After a slow first, Phil Kessel shot the puck off someone else's stick. It was a great play from a guy who didn't have the puck, but put the puck in the back of the net in the blink of an eye. The Rangers stormed back, getting one from Hagelin and one from Ryan McDonaugh. Phil Kessel tied the game thanks to a perfect pass by JVR on a 2-on-0-ish. The Skills Competition Coin would come up against the Leafs, who continue their abysmal shootout shooting percentage.
The Game in Six
The most important thing to say about this game: The Leafs are almost certainly going to the playoffs. The Jets are 7 points behind the Leafs, with one more game played, and the Devils fell to 9 points behind the Leafs last night. With only 7 and 8 more games remaining for each team, they are basically hoping the Leafs lose every single game from here on out.
With that said, oh boy were there some bad things last night. But first, the good: Phil Kessel. Two goals, great play in the offensive zone, but his line was a big problem in the defensive zone. They got dominated by the Richards line, but Phil Kessel carried the offense for the Leafs last night.
James Reimer. Didn't stand a chance on either of the goals - The first one had Hagelin left all alone on the back door after several defensive breakdowns, including a lot of puck watching by John-Michael Liles. On the Rangers' second goal, Liles floats to the half boards then floats up to the dot, then floats back towards his man. Reimer's screened more by Ryan O'Byrne than by the Rangers' players, and gets the corner picked from the blueline.
There's no way you can call either of those "bad goals" by Reimer (though I would've liked to see him challenge a little more on the second, that'd have been an amazing save through traffic). The rule continues: if you refer to Reimer as "Red Light Reimer," you'd better delete that tweet because you look like a moron. And yes, Liles should be watching from the press box next game in favor of Gardiner - despite his heavy offensive-zone starts, he was involved in some terrible defensive zone plays. If we're going to shelter the crap out of somebody, it should probably be the younger guy.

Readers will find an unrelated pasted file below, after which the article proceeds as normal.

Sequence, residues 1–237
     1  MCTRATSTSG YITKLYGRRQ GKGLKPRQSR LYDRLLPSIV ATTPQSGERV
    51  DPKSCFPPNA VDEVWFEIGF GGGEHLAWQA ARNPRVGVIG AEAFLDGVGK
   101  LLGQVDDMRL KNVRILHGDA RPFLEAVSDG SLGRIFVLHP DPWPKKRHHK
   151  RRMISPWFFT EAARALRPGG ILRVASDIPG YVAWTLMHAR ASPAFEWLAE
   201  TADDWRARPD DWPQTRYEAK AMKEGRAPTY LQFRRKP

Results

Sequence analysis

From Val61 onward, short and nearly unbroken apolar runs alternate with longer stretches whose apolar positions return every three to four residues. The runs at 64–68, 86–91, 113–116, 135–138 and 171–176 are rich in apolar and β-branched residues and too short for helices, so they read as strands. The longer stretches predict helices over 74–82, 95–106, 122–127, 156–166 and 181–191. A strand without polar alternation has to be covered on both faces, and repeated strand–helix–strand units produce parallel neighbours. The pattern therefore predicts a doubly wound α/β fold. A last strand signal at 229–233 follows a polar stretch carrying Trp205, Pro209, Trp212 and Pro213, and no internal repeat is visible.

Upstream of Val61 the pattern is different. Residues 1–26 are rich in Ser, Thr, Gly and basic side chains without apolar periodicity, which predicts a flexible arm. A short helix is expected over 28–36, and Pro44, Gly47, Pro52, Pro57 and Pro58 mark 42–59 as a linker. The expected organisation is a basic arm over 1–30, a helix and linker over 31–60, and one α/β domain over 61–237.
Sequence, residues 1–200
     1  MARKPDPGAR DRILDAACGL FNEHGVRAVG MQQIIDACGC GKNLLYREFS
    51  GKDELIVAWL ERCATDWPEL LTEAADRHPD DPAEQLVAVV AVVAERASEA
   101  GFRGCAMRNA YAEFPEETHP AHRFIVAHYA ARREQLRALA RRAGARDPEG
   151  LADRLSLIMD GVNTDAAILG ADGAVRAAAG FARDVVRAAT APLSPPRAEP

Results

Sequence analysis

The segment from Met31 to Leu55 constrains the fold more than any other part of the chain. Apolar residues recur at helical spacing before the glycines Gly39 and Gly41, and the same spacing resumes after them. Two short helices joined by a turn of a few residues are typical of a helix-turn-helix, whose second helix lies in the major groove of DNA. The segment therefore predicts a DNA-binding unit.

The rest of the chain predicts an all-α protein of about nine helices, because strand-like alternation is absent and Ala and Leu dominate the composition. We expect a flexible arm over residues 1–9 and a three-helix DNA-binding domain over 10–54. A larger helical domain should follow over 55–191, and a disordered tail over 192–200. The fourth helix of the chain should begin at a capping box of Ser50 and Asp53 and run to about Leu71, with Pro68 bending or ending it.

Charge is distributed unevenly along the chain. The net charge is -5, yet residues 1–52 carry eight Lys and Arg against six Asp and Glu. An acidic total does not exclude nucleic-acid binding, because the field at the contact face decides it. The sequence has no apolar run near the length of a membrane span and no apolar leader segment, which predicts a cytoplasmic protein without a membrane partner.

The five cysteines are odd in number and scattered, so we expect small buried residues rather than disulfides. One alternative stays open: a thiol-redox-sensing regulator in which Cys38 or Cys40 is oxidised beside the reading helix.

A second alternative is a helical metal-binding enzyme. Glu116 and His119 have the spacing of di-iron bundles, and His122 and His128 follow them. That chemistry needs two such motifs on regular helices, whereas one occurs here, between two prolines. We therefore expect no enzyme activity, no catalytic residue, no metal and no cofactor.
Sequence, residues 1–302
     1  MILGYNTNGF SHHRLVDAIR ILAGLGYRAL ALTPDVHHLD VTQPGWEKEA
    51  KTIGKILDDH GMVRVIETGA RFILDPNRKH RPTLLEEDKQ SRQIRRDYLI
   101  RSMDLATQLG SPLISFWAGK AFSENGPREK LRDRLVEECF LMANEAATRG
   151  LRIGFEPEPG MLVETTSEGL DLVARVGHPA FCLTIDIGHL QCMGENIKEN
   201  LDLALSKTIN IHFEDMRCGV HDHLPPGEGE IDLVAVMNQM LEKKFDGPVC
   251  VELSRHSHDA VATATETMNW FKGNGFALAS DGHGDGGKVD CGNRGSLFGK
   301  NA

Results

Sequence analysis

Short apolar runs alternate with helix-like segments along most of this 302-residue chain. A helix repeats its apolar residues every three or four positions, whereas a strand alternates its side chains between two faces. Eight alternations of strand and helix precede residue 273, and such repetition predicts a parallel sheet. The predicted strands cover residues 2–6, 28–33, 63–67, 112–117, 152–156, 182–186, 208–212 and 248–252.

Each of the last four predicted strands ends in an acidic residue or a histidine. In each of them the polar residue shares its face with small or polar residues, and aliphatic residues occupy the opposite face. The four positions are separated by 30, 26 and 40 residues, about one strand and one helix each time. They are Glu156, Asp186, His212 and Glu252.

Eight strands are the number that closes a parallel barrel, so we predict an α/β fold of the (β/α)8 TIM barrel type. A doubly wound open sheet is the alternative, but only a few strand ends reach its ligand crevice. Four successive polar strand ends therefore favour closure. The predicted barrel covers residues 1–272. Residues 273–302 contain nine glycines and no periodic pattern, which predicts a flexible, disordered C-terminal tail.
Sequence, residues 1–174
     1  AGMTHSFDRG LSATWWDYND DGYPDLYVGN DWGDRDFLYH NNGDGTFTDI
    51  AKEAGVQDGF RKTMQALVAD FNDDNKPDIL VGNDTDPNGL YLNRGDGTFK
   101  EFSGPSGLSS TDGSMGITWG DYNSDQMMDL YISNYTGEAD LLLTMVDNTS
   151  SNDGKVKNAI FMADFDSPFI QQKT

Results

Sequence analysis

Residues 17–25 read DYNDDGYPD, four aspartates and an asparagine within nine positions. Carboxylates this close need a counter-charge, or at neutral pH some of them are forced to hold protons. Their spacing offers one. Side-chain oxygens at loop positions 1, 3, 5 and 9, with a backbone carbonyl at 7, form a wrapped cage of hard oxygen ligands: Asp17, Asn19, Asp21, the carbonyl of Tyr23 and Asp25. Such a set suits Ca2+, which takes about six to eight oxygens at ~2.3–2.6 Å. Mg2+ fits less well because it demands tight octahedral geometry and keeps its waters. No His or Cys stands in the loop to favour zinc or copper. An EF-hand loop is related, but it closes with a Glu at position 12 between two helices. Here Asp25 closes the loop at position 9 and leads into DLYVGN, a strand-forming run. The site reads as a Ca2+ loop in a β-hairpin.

Mikhail Grabovski, a former 58-point, 29 goal scorer, had more ice time than only Colton Orr and Fraser McLaren. Career AHL'er Ryan Hamilton had more time on the ice. And Grabbo looked good - when he wasn't dragging around Carlyle's Anchors. He had the puck in the offensive zone for most of overtime, when Carlyle was finally playing him. He's still struggling to convert, but he's generating good chances, and that's more important to focus on than the idea of a "blown opportunity."
The Leafs went 24 minutes without a shot on goal last night. Forget possession, forget metrics - that's bad from every angle. When asked about the stretch, Carlyle responded "Stats are for you guys." Yeah, really. The Leafs fail to generate meaningful offense for almost half a game, and Carlyle brushes it off. He later added that the Leafs played well for 53 minutes, so either Carlyle's dicking the media around (totally possible) or doesn't mind a failure to generate offense. Jesse Spector took a great look at the post-game comments here.
I do want to say that - and I've got a compliment for Carlyle here - he did a good job of keeping Phaneuf up against Nash, something I was looking for after Tortorella's last postgame comments. This did leave Fraser-Franson up against Richards' line, where they got pretty much run over, but that's a problem about defensive depth on the roster, not Carlyle's decisions.